Remains of colonial heyday and the Historic Quarter’s most memorable church.
Santiago scarcely retains the flavour of its Spanish colonial past, and has, both intentionally and unintentionally, overridden much of the architectural styles that once related it to the rest of the continent. On the one hand, the city’s unfortunate relationship with Mother Nature has meant that only a handful vestiges of 16th or 17th architecture remain standing; on the other, a 19th century attempt to modernise the city along neo-classical lines prompted the transformation or even demolition of many of the remaining colonial buildings. It’s evident that after the proclamation of the country’s independence, ‘colonial’ often smacked of backwardness in the opinion of liberal Santiaguinos.
The east of the centro histórico boasts a selection of colonial architecture.
Nevertheless, you can still marvel at some of the extracts of past glories that lie scattered around the eastern end of the centro histórico. At the junction of Calle MacIver and Calle Merced you’ll come across the sizeable Basilica and Cloister of la Merced, a true gem of Santiago’s religious heritage. It was originally built by members of the Order of the Blessed Virgin Mary of Mercy (Mercedarians) who had arrived together with the discovery expedition to Chile. The first construction stood in this plot of land in 1566 and, since then, the church has been the object of predilection by the city’s most eminent citizens, with many important personalities being buried here, including Ines de Suárez, the first European woman to arrive in Chile (also the main character in one of Isabel Allende’s most recent novels, Ines of My Soul.)
‘The creaking wooden floor, the wrought-iron chandeliers and the line-up of colourful carved figures of saints create a haunting but warm and emotive atmosphere inside La Merced’
Obviously, the early Mercedarian churches were not immune to the intense earthquakes that oft devastated colonial Santiago, and the Basilica was last rebuilt in 1736. Today, the façade of the church is shadowed by somewhat tatty surroundings, not to mention the fact that part of the cloister is now incrusted in an adjacent office block. But don’t be fooled by first impressions; the interior of the church is dripping with baroque sculptures and decorations. The most outstanding features are the magnificent hand-carved pulpit and the altar displaying the 16th century image of the Virgin Mary brought by the first Mercedarian priests to arrive in the city. The creaking wooden floor, the wrought-iron chandeliers and the line up of colourful carved effigies create a haunting but emotive atmosphere.
Convent kitsch at the Museo de la Merced
Stretching to the south face of the Church, the verdant courtyard is surrounded by a former cloister which now houses the Museo de la Merced (entrance from Calle MacIver). For years condemned to oblivion, this small museum made a comeback in 2004 and is now thriving with its diverse collection. Perhaps the most interesting of all is the room containing the 18th century figurines of Baby Jesus encapsulated in bell glasses, although there are many more rooms dedicated to anything from archeological objects from Easter Island to art of mixed European and indigenous influences.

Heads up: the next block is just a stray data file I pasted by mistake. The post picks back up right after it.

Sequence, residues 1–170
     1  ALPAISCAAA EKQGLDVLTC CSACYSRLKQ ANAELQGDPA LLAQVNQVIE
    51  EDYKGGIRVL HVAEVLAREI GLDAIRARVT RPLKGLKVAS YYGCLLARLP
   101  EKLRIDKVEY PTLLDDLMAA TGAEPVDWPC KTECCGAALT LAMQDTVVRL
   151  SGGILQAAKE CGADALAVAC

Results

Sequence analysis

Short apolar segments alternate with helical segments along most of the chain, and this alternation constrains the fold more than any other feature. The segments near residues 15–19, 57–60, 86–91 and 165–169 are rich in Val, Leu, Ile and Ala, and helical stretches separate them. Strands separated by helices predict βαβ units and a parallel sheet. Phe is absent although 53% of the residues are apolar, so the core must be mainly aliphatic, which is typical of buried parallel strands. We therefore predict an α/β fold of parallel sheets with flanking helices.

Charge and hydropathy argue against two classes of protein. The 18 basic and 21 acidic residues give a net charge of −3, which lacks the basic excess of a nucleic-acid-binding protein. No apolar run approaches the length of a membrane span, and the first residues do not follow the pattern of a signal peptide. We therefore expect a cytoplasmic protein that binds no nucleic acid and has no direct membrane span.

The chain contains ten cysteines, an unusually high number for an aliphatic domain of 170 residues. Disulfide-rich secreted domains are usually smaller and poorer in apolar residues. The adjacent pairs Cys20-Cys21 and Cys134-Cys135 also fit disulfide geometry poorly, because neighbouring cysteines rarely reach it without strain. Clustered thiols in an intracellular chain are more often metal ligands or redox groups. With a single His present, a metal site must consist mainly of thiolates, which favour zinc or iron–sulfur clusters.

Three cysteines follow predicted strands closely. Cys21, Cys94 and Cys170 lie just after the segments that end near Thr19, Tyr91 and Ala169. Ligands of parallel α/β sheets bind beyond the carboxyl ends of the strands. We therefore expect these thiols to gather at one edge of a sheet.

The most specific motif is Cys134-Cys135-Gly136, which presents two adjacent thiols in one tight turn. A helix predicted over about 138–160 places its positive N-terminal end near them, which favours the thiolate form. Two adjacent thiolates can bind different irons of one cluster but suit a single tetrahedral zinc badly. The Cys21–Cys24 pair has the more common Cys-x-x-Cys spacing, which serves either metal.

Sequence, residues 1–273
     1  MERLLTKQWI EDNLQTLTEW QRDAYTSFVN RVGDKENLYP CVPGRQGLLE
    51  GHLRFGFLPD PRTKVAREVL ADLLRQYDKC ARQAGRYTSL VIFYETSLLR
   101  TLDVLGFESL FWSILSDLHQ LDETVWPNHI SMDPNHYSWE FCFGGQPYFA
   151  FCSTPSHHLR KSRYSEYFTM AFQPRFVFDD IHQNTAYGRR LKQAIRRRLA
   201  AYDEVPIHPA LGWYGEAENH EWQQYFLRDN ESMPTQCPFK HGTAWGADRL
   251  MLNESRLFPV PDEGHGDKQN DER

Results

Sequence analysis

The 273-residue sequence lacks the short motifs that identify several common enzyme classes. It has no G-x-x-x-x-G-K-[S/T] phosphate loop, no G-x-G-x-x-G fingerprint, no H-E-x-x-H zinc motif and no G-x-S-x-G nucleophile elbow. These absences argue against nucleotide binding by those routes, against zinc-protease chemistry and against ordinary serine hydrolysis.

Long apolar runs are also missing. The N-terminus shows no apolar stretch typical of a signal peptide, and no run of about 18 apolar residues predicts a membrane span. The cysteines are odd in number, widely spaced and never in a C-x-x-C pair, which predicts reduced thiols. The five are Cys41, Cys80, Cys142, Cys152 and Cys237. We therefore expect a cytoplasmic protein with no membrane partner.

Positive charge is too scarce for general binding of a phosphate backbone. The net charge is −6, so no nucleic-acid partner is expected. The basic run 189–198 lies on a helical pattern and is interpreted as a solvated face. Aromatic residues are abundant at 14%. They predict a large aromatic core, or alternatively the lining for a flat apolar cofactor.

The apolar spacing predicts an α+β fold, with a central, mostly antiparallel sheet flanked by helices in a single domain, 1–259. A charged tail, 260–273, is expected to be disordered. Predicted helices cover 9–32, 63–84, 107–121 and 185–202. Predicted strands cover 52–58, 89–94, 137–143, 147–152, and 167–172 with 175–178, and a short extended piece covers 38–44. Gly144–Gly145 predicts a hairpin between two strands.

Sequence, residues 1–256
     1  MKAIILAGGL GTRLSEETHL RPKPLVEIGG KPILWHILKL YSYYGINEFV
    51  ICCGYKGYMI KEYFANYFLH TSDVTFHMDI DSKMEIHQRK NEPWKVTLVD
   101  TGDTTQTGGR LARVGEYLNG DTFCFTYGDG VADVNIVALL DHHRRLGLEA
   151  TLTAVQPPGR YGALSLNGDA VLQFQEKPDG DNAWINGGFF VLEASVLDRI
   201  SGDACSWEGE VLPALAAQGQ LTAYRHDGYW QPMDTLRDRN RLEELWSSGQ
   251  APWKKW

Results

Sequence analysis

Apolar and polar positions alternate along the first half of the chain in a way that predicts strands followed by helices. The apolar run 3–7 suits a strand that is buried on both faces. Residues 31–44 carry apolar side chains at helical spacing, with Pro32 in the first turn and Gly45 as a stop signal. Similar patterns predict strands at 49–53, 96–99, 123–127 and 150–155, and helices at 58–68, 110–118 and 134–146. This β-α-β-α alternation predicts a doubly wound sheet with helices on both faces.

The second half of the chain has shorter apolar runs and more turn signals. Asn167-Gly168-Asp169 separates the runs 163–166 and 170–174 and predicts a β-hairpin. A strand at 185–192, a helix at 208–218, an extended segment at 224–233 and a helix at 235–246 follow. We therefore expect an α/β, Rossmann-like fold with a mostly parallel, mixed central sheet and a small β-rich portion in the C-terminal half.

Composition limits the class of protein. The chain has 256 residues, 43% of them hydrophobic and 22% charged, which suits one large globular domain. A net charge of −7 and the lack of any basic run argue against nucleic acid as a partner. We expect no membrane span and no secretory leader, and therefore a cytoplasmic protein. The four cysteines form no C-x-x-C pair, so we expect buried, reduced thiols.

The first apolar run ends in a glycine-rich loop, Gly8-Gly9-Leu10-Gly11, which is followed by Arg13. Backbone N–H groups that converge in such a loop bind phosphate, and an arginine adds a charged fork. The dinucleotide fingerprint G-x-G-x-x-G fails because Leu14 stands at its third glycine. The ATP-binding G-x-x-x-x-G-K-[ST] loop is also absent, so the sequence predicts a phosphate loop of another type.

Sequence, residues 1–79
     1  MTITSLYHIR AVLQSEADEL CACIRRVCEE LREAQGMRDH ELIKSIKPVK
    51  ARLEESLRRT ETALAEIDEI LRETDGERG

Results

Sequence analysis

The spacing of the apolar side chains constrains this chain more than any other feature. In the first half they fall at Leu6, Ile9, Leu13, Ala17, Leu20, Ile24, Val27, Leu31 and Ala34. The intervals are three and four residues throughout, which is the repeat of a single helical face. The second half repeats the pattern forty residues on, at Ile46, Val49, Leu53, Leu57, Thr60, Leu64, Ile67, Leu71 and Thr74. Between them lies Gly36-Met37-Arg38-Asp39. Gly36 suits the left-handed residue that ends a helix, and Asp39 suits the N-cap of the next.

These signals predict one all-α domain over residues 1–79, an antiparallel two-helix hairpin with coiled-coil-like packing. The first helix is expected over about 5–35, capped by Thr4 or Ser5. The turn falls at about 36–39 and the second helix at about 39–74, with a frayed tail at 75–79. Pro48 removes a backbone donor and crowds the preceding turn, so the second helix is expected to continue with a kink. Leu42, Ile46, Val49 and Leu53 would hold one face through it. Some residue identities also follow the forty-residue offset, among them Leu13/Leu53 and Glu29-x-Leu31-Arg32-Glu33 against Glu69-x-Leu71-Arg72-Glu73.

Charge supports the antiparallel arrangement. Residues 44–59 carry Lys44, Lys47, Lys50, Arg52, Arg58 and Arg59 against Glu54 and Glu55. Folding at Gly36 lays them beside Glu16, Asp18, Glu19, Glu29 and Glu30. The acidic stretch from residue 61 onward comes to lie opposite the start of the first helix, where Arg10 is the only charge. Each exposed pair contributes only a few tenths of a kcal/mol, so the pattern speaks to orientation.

There are more colonial relics to be found in the vicinity of the Basilica. From the tiny plazuela facing the church, follow Calle Merced in direction of the Plaza de Armas where you’ll find one of the most historically important buildings in the capital and one of the few houses of the time to remain in good conditions. Built in 1770 as the private residence of Don Mateo de Toro y Zambrano, the Casa Colorada (Red House) was the scene of the country’s first step towards self-government on 18 September 1810, when a handful of the city’s most eminent Liberals , presided by the homeowner hismself, first met at council. Ironically, the original intention of the meeting was to declare loyalty to the King Ferdinand VII of Spain, who was in exile at the time as a result of the Napoleonic invasions, except that local politicians soon acquired experience in government and a sweet taste for republican autonomy. When restored to the throne, Ferdinand showed little appreciation for this and other self-governing bodies throughout his Colonial possessions and ordered a swift return to absolutism. This was met with resistance of Liberals, resulting in the spread of Independence Wars across the continent with catastrophic consequences for King Ferdinand. The Chilean Independence period is narrated through an assortment of objects and documents inside the Casa Colorada, in an interesting Museum which also illustrates the history of the capital since its foundation.
Other examples of colonial housing can be found as you make your way back to Calle MacIver and head north. Lying at the corner with Calle Santo Domingo is the scarlet-coloured Casa de los Velasco, a 1730’s construction with an imposing wooden balcony. Across the street is a set of neo-gothic buildings which constitute the church of San Pedro and Convento del Buen Pastor, the latter now housing the facilities of a private University and a theatre. Onwards via Calle MacIver and turning left on Calle Esmeralda stands another interesting colonial house in front of a leafy, fountain-studded square. The Posada del Corregidor Zañartu is perhaps the city’s most distinctively Spanish-American cottage-like house, creating an irresistible mismatch of styles with the surroundings buildings of neo-classical European architecture.